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reveries of an amateur long-distance hiker

Walking to the Smoky Mountains, Day 2

June 4th, 2021

Walking to the Smoky Mountains, Day 2, May 30

Three Forks to Wallalah Mountain 14.3 miles

Even though Three Forks was full of Memorial Day campers, I found a tent site at some distance from the crowd, and, after sleeping in— enjoying my trusty old ZPacks tent (it has been pitched on every continent except Antarctica)—I woke to discover a nearly empty site (except Jim and his family nearby, really nice folks from Florida up for a few days wander). Clearly I’m not even close to the early rising necessary for long-distance trekking, but there’s no real hurry these first days. Even though I was very stiff, getting on the trail was a joy. I’ve hiked this stretch of the BMT twice, as part of the Duncan Ridge Trail loop—the DRT goes up the BMT about 23 miles, then hooks right, crossing Duncan Ridge and eventually connecting with the Appalachian Trail on Blood Mountain, then back to Springer, a truly brutal hike.

The Benton Mackaye is well-built and we’ll-maintained, and the forests, though not old (not sure when they were logged off, but the old roads are evident everywhere and the trail sometimes follows them). What is magical is the understory which, in many places is masses of ferns. The oxygen ferns give off has a special quality that’s only found in the plenitude of a southern Appalachian forest.  The rhododendron are blooming, so when the trail goes through a green tunnel, it’s carpeted with white petals.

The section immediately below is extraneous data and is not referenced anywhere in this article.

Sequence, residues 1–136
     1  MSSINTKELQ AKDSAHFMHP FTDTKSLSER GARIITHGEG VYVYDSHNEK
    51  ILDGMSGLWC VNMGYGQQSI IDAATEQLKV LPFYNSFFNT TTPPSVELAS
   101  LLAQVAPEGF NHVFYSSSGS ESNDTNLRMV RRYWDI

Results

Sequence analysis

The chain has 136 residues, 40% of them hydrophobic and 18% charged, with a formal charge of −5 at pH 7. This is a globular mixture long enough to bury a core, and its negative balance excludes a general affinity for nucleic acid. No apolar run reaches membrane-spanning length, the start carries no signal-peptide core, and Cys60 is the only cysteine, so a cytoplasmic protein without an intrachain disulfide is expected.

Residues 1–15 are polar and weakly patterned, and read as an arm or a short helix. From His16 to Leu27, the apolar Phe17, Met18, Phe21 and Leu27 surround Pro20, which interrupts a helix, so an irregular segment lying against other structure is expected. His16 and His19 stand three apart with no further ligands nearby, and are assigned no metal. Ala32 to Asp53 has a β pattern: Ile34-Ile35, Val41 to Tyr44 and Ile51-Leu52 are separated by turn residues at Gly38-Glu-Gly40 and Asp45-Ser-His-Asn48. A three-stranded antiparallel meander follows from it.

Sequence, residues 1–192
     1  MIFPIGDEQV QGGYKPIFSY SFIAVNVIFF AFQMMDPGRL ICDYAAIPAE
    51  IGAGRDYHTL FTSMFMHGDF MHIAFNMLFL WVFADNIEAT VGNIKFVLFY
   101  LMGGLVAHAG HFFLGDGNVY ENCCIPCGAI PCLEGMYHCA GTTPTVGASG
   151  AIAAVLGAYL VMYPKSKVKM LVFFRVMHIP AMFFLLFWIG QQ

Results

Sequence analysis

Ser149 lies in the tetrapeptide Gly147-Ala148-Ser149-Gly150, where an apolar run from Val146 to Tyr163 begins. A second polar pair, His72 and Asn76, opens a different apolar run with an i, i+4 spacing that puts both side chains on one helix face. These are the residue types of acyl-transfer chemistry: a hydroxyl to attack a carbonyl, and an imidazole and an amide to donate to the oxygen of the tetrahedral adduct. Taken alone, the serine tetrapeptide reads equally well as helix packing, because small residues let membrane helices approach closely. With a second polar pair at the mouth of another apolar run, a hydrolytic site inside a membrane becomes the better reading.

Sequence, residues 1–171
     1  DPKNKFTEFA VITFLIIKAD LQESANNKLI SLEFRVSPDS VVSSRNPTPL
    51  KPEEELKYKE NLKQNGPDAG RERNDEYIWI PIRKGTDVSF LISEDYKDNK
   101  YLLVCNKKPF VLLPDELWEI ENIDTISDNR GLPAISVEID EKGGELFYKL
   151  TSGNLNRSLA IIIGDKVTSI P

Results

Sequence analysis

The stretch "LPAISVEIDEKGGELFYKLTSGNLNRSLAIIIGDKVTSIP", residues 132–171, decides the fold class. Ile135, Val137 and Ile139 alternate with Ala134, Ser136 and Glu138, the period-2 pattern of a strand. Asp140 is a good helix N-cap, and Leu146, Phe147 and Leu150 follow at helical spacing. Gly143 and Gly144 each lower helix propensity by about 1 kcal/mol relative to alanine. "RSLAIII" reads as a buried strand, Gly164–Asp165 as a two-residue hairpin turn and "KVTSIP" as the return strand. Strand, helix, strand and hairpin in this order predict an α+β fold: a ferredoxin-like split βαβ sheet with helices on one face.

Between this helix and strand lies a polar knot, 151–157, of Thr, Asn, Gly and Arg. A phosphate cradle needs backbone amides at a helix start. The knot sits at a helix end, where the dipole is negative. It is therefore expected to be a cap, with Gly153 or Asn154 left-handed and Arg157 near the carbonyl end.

All day the path either crossed the AT or some National Park access points so the meditative silence of an empty trail was broken by holiday revelry. The Toccoa River suspension bridge was a particularly boisterous place— picnickers with their dogs, coaxing them across the rocking suspension bridge (Swinging Bridges). Rather than following a ridge north, the Benton Mackaye works across ranges, so it is very much roller coaster hiking—up, down, and up again. None of the peaks are all that high, but altitude gain and loss is significant across the day. Another concern is water. So far, unlike other parts of the Appalachians with their frequent small branches and springs, water can sometimes be scarce. I didn’t plan well for my night’s camp and ended up in a dry one, so I had to husband those few ounces. Will be more careful in the days to come. It was a beautiful but arduous day, and I was asleep by 6:30–pure exhaustion.

T. Hugh Crawford